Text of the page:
FIG. 10 is a view of the chill ring of FIG. 9 with the consumable spacer ring in exploded relation to the base metal chill ring and its annular alignment groove.
Although specific terms are used in the following description for the sake of clarity, these terms are intended to refer only to the particular structure of the invention selected for illustration in the drawings, and are not intended to define or limit the scope of the invention.
As employed herein the term "pipe" is defined to mean all tubular members whether of circular, oval, elliptical, square, rectangular, triangular, or other geometric cross section, and includes but is not limited to, pipes, tubes, fittings, valves and the like.
Referring now to the drawings, there is shown in FIG. 1 the consumable spacer chill ring 10 of the present invention interposed between the mating ends of adjacent lengths of metallic pipe 12, 14 to be secured together by a welded joint (not illustrated).
The composite, partially consumable, spacer chill ring 10, comprises generally a chill ring or non-consumable base metal ring 16 of generally cylindrical configuration having an outer diameter 22 of size to match the inner diameters of the adjacent pipe lengths 12, 14 for sliding engagement therewithin. As best seen in FIG. 2, a flat, internal land 24 is defined interiorly of the ring 16 by the upstream and downstream bevels 30. The circular bevels 30 preferably incline at fifteen degrees from the internal land 24 and are provided both upstream and downstream to minimize turbulence of fluid flow after fabrication of the welded joints in the pipeline.
Still referring to FIGS. 1 and 2, an annular consumable spacer ring 18 having inner diameter 28 corresponding to the outer diameter 22 of the base ring 16 is affixed medially to the base ring 16 by employing a plurality of circularly offset welds 20. The annular spacer ring 18 is intended to be consumed when the welded joint (not illustrated) between the adjacent pipe ends 12, 14 is fabricated. In the preferred embodiment, the spacer ring 18 conforms to the material of the adjacent pipes 12, 14 and preferably is equal in annular height to the pipe wall thickness.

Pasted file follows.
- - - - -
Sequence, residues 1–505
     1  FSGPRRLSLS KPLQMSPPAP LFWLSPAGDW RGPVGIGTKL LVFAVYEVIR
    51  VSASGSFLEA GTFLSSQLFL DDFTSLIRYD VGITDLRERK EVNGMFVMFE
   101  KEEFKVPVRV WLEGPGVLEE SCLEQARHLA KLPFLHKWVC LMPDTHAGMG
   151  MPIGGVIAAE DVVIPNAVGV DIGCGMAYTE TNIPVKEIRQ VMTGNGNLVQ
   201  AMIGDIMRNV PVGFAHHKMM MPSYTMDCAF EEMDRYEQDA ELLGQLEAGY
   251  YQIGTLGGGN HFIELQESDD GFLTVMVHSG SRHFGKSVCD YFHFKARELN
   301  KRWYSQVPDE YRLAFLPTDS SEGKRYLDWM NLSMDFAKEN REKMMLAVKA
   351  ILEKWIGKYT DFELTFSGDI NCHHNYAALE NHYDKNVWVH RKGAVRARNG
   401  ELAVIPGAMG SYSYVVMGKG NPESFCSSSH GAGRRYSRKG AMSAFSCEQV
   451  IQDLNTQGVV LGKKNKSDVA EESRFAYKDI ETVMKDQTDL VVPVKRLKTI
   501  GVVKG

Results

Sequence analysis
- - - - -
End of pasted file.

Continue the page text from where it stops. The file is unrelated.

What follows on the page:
Referring now to FIGS. 1, 3 and 4, it is illustrated that either or both of the base ring 16 and the spacer ring 18 may be continuous and circular in configuration or either may be cut or split, depending upon job conditions. As seen in FIG. 1, the base ring 16 is cut to form a split opening 32 to provide a limited degree of flexibility in installation. The consumable spacer ring 18 is similarly split to provide a cut opening 34. Preferably, the split openings 32, 34 radially align for optimum reliability in use. Experimentation has shown that there is a possibility of warping in the base ring 16 when the openings 32, 34 do not align. In the modification of FIG. 3, the base ring 16 is illustrated as a continuous, cylindrical ring and the spacer ring 18 is provided with a split opening 34, a configuration that may prove advantageous under certain field conditions. In FIG. 4, a continuous, circular, annular consumable spacer ring 18 is illustrated affixed to a non-consumable base metal ring 16 which is provided with a split opening 32 in the manner above described in FIG. 1. The use of a continuous spacer ring 18 with a split base ring 16 may prove advantageous under certain conditions of size and materials.